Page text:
Fans can scratch “Saturday Night Live” from their watch list this weekend as the show’s writers step to the picket line.
Former cast member Pete Davidson was slated to appear this Saturday on the NBC sketch show as host alongside rapper Lil Uzi Vert as musical guest. Now, according to a press release, neither will ascend the live show’s stage after the Writers Guild of America — which represents film, television, radio, and new media writers — called television and film writers to strike.
"The previously announced 'Saturday Night Live' hosted by Pete Davidson and musical guest Lil Uzi Vert is cancelled due to the writers’ strike. 'SNL' will air repeats until further notice starting Saturday, May 6," the press release reads.
On May 1, the labor union — which is made up of West Coast and East Coast branches — announced it had unanimously voted for a walkout after studios resisted new contract demands.
In the announcement to members, the WGA said that after six weeks of negotiations with Amazon, Apple, Discovery-Warner, Disney, Paramount, Sony, NBC Universal and Netflix, they failed to reach an agreement.
“Over the course of the negotiation, we explained how the companies’ business practices have slashed our compensation and residuals and undermined our working conditions,” the guild’s statement said.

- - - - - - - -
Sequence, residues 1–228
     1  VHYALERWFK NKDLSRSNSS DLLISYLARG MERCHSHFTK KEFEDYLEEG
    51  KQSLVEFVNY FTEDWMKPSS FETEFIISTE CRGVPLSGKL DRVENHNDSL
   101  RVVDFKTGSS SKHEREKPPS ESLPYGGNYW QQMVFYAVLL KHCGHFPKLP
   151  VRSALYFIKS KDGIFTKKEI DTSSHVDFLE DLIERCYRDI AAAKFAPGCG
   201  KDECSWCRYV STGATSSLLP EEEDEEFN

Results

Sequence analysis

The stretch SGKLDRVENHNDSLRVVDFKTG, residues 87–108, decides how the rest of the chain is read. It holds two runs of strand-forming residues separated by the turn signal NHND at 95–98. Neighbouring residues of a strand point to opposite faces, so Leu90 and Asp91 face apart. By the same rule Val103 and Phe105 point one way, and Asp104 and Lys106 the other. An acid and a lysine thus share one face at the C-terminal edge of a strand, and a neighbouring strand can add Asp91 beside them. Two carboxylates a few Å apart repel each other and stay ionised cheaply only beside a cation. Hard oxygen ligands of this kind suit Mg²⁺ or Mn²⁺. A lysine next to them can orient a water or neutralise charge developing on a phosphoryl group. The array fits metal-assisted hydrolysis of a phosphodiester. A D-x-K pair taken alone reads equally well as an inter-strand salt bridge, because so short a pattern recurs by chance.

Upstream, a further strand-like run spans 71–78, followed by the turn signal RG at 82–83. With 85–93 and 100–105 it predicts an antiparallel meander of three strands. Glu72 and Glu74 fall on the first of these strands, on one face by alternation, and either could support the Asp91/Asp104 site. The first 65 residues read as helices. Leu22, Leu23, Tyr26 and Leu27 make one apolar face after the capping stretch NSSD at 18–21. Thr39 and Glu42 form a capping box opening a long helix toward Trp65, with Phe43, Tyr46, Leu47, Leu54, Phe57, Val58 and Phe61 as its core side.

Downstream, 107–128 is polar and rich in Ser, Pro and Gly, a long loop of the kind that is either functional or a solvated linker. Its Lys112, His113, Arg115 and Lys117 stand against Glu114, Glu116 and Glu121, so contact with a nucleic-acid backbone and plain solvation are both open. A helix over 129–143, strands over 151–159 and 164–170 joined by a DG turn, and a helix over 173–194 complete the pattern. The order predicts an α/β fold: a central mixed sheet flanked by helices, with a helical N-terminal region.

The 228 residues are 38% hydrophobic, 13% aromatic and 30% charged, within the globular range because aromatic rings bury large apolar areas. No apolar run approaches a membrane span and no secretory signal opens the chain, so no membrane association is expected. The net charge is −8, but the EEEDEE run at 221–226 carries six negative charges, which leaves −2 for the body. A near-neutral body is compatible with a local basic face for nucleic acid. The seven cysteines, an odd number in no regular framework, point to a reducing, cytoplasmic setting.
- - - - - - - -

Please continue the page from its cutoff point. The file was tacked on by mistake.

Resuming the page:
According to the announcement, the WGA negotiating committee asked studios for fair pay and protections.
“We are determined to achieve a new contract with fair pay that reflects the value of our contribution to company success and includes protections to ensure that writing survives as a sustainable profession,” the statement added.
According to a statement provided to NBC News, the Alliance of Motion Picture and Television Producers, a trade association that represents various studios, streaming platforms and television studios, said its offer included “generous increases in compensation for writers."
The halt in television production means that viewers can expected repeat episodes to abound. According to Variety, other late-night shows such as NBC’s “Tonight” and “Late Night,” ABC’s “Jimmy Kimmel Live,” CBS’ “The Late Show,” will air older episodes. Scripted shows like “Abbott Elementary,” “Cobra Kai,” and “Yellowjackets” will also be affected.
The last WGA strike took place in November 2007, according to NBC News. The walkout lasted 100 days before finally coming to an end on Feb. 12, 2008.